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By James Nye. Originally from Russia, Allen was adopted at the age of five in by an unmarried Pittsburgh businessman, Matthew Mancuso who proceeded to rape and post sickening images of her online for five years. Rescued in after a national police investigation into internet pedophiles, Allen decided to go public with her story and Congress eventually passed 'Masha's Law' to give victims the right to sue anyone caught with their images associated with child pornography. Allen, who is now years old intends to do that and in a federal suit filed in Philadelphia on Friday, the victim names Mancuso and 13 other men all convicted of possessing or transmitting her images online. Allen and her legal team are able to keep track of who has accessed the despicable images of her online because the U. Justice Department sends them a notice every time someone is caught.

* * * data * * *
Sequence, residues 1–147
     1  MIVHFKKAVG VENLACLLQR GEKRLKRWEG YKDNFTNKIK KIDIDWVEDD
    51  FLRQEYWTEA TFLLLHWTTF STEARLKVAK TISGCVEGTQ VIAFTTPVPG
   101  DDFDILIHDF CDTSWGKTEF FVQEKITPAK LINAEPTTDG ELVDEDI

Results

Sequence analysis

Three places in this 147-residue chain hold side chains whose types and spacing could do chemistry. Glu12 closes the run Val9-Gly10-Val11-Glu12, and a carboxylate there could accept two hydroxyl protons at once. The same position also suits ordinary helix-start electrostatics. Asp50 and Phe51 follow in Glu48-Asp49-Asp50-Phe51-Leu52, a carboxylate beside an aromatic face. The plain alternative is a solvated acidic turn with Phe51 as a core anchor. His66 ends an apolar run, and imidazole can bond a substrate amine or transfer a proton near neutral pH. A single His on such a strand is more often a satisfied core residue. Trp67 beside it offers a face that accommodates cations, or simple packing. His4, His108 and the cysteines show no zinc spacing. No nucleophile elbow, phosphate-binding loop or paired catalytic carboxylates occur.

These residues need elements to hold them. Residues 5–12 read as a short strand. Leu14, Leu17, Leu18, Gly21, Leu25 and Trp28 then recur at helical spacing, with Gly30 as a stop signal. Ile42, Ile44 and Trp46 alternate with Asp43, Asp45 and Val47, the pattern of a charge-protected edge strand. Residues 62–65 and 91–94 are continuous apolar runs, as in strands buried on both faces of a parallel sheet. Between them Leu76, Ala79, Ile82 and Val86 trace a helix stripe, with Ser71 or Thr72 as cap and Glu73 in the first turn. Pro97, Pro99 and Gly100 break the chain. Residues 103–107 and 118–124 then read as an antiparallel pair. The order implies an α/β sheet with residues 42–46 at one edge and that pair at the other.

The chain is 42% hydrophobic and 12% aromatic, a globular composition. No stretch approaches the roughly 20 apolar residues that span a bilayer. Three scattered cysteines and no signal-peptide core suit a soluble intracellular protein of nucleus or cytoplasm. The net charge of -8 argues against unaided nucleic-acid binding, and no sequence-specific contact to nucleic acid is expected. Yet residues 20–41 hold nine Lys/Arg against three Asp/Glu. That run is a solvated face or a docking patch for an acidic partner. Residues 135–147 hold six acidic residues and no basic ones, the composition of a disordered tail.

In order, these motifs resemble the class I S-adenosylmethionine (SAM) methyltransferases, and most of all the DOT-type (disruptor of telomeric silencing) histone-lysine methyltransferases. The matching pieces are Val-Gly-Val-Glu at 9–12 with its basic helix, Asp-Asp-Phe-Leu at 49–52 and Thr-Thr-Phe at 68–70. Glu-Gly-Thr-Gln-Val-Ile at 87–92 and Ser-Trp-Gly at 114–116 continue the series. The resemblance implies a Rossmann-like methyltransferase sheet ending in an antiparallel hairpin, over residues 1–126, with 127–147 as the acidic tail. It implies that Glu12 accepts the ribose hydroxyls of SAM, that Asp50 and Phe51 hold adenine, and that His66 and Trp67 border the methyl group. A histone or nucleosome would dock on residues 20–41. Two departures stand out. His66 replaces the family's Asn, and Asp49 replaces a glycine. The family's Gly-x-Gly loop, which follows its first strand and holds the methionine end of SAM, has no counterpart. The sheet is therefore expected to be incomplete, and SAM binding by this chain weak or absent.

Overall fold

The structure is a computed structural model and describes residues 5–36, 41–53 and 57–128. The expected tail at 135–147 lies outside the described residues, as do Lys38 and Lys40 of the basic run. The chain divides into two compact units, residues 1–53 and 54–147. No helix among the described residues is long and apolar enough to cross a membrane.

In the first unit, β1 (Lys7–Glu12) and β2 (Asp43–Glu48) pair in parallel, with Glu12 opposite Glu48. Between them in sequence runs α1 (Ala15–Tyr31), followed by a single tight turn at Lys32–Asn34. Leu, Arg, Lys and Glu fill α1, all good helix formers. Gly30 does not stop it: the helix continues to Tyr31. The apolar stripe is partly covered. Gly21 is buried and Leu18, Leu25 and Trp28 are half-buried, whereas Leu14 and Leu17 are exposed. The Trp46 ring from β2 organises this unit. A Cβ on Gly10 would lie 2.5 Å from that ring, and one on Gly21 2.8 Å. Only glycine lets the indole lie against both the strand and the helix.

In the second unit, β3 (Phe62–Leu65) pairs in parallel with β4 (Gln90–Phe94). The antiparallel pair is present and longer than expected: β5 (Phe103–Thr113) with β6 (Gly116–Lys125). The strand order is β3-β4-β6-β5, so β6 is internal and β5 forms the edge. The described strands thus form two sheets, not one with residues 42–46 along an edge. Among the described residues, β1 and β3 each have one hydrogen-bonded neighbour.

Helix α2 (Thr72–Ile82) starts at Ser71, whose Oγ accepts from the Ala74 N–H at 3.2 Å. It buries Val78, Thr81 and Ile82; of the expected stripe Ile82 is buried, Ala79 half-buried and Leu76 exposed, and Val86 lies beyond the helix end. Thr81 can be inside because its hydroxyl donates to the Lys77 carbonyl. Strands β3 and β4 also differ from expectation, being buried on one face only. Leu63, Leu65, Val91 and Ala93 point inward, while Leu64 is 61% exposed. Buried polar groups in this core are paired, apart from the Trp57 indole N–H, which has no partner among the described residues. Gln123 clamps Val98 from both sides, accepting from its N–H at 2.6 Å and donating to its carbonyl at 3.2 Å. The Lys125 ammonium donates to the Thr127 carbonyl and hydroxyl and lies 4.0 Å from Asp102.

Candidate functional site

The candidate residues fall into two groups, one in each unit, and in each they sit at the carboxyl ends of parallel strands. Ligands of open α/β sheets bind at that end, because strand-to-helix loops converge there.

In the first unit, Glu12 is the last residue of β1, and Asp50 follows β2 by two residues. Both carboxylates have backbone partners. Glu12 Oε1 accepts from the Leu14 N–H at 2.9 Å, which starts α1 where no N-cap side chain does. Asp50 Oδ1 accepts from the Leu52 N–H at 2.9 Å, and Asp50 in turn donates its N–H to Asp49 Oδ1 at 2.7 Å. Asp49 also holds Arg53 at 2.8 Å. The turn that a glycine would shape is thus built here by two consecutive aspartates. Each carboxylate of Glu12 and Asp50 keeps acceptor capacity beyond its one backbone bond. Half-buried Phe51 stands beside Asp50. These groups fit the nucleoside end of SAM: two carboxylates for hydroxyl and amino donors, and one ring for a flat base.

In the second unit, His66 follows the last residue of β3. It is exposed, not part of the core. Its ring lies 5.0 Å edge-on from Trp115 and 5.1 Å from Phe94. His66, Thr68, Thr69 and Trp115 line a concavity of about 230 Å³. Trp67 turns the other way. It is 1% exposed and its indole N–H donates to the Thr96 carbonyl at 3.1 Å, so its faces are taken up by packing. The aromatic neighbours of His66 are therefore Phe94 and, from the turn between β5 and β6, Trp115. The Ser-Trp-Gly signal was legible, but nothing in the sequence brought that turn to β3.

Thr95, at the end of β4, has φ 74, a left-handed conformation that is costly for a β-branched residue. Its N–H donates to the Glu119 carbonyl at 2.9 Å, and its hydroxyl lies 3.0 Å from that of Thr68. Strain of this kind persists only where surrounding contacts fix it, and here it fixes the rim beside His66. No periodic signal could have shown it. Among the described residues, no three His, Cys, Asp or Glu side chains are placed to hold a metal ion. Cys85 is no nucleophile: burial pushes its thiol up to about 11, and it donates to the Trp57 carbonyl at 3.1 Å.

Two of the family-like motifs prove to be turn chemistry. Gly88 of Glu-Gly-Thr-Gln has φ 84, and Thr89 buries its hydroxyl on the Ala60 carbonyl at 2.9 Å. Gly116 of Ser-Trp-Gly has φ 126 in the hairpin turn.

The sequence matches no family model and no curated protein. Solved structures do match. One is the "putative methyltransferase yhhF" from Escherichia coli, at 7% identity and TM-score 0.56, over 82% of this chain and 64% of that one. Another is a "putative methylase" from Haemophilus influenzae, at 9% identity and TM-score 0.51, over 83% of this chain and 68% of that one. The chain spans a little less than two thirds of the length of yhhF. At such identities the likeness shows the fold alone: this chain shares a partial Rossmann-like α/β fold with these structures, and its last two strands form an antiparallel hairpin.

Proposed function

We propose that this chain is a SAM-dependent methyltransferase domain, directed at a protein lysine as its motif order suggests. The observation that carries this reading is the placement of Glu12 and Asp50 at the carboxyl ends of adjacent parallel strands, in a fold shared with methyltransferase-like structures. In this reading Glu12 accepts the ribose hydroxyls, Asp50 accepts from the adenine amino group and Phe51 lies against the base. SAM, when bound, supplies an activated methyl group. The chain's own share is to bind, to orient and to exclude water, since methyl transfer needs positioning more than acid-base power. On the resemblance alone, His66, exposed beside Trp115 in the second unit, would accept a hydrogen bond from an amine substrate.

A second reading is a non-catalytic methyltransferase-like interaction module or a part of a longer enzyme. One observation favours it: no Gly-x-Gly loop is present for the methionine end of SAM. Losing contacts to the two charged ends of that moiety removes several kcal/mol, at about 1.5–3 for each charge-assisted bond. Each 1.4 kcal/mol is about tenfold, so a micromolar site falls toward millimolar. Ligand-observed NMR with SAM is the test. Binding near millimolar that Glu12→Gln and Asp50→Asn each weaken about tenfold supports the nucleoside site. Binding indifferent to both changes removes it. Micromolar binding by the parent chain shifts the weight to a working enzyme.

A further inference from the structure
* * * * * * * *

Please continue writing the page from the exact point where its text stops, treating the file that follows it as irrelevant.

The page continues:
For a long time, police feared she was still being sexually abused and exploited. Canadian authorities mounted an effort to locate Masha by taking the unusual step of digitally removing her from her child sex abuse photos in the hope that someone would be able to identify the setting. Police say the case points to the need for better coordination of visual databases of child pornography victims, especially internationally.
This copy is for your personal non-commercial use only. For the past eight years, the framed photo has stood prominently on his desk at Toronto police headquarters: an American teenage girl with long hair and a beaming smile leaning against the burly Canadian cop. Ever since Det. Bill McGarry helped turn Masha Allen into one of the most famous victims of child abuse and Internet pornography, he has kept a special place for her on his desk and in his heart.